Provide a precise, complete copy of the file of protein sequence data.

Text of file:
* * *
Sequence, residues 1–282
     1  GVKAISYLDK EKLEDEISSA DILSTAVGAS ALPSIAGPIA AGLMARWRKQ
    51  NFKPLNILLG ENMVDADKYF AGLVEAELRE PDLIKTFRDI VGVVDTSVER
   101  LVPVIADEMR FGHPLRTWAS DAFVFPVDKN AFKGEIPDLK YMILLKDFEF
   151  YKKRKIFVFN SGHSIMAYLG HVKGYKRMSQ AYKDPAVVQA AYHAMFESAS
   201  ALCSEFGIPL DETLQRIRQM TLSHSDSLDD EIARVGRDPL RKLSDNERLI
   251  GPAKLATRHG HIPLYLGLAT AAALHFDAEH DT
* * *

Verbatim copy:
Sequence, residues 1–282
     1  GVKAISYLDK EKLEDEISSA DILSTAVGAS ALPSIAGPIA AGLMARWRKQ
    51  NFKPLNILLG ENMVDADKYF AGLVEAELRE PDLIKTFRDI VGVVDTSVER
   101  LVPVIADEMR FGHPLRTWAS DAFVFPVDKN AFKGEIPDLK YMILLKDFEF
   151  YKKRKIFVFN SGHSIMAYLG HVKGYKRMSQ AYKDPAVVQA AYHAMFESAS
   201  ALCSEFGIPL DETLQRIRQM TLSHSDSLDD EIARVGRDPL RKLSDNERLI
   251  GPAKLATRHG HIPLYLGLAT AAALHFDAEH DT